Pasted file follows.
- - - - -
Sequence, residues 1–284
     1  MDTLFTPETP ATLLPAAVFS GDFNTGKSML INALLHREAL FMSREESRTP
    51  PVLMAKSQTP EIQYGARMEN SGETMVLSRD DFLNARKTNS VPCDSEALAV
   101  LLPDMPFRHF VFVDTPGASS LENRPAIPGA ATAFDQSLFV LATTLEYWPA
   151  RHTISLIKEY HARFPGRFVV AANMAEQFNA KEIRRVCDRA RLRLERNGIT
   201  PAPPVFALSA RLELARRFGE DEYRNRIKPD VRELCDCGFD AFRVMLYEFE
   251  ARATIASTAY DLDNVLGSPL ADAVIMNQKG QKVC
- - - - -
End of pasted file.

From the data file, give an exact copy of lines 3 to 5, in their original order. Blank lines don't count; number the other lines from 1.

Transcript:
    51  PVLMAKSQTP EIQYGARMEN SGETMVLSRD DFLNARKTNS VPCDSEALAV
   101  LLPDMPFRHF VFVDTPGASS LENRPAIPGA ATAFDQSLFV LATTLEYWPA
   151  RHTISLIKEY HARFPGRFVV AANMAEQFNA KEIRRVCDRA RLRLERNGIT